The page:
They’re valuable for small business that you want to keep these people alive. And so the commission came down with, you could call it a middle of the ground road position, although I think it’s pretty aggressive still. And essentially, the rule is you can still have an intermediary, right? The consumer can still get to Wells Fargo through a marketer, but it has to be on a one to one basis, meaning that marketing, that lead generator, that publisher has to include a single name that the consumer is agreeing to receive just from that company.

Wells Fargo. Loan Depot, Mutual of Omaha, whatever it is, and nobody else. Now you can have multiple names on the form, but the consumer has to check each one individually so that every event of consent is a single event for a single, what they call a seller. The good or service provider, and then they have to provide the full consent, just like before the express written consent that suggests that single entity, big change, right?

Today, of course, people are getting consent for thousands of people at a time in the future. Once this becomes effective. one at a time. That will be the rule. 

Cross: It reminds me of what Yelp has in place currently, where you get to the end of the funnel and there’s, they give you six options for people who are in your area and you get to click or check a box for each one that you want to hear quotes from.

Is there a, is there going to be a limit on the number of? of let’s say partners that these lead lead generators like lending tree can have on the last page. And is there going to be, for example, a check all or select all button that would allow you to consent or allow consumers to consent for all 

Eric: of them?

So I don’t know if there’s going to be a limit the FCC’s ruling does not impose a limit. And I don’t think you can imply a limit from anything in the ruling. I think there’s a practical limitation that, a consumer probably doesn’t want to have to scroll through 150 names to get down to the bottom submit form.

Now there is going to be the option for a select all button. Like you can do that, but it can’t be like, people want to do the big select all to get the best quote. And then like underneath, select one by one, very small and go to different pages, no, no dark patterns. Okay. You can’t trick consumers or dupe them or drive them.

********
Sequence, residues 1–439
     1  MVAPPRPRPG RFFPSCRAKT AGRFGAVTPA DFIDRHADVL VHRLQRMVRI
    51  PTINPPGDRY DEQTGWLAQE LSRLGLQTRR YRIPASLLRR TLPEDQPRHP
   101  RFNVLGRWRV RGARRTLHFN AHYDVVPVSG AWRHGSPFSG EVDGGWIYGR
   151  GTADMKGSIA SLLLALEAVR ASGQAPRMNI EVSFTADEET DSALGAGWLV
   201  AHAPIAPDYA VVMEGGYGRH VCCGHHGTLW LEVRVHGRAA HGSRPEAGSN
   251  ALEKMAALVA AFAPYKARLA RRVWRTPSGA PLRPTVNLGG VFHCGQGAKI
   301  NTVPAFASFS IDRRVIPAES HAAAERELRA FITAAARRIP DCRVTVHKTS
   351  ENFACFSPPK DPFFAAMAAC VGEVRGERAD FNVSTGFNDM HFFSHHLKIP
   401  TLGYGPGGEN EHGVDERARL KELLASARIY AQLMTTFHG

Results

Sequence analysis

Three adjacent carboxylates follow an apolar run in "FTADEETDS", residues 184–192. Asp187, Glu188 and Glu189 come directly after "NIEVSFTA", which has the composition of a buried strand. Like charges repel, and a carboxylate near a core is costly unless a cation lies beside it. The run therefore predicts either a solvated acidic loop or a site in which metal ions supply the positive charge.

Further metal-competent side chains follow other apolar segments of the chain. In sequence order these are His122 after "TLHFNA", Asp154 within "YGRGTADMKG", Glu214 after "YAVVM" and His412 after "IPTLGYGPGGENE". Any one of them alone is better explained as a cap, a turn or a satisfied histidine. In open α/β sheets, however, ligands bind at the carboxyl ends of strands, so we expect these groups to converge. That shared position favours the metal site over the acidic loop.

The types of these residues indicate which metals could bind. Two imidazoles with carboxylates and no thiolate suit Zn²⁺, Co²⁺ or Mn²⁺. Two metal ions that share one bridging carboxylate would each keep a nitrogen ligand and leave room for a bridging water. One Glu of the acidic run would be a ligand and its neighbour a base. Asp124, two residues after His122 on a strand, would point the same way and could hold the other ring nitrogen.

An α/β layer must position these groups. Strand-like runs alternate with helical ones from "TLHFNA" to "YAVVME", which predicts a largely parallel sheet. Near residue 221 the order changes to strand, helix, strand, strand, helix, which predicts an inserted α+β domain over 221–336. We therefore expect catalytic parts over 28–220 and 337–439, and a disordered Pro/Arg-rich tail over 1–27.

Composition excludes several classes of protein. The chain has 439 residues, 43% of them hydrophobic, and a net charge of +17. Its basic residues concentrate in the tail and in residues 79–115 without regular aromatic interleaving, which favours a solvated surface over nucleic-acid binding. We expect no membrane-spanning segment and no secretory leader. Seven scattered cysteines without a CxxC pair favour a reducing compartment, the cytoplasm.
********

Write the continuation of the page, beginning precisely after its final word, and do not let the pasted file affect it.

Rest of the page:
Into selecting all but you can have a little modest select all button, like you would see in lots of circumstances, select all toggles, a little bit more efficient. You can do that, you can do that but the consumer has to make that choice and it has to be clear to the consumer that’s what they’re doing.

And then there has to be select all and then a set just to populate all the checks and then a separate step of. Click to accept the disclosure, right? So it would have to be a two step dance, even if you’re selecting all. But I think in most instances, you would expect a consumer to select exactly which brands they want to hear from or a single brand.

Cross: So I would expect that the outcome of this would be that there will be fewer, the lead will be sold. Consumers will go through an experience that’s a little bit, it’s better for them, obviously, but the lead is going to be able to be sold. By something like lending tree to fewer partners and the value or cost of the lead is going to up to go up.

This is something maybe perhaps something outside of your general perspective. But how do you think this affects the consumer experience? How do you think this is an improvement towards a higher conversion? Is this going to be? So certainly there’s drawbacks in that they can’t market or retarget or remarket these leads to, things that are unrelated to a mortgage.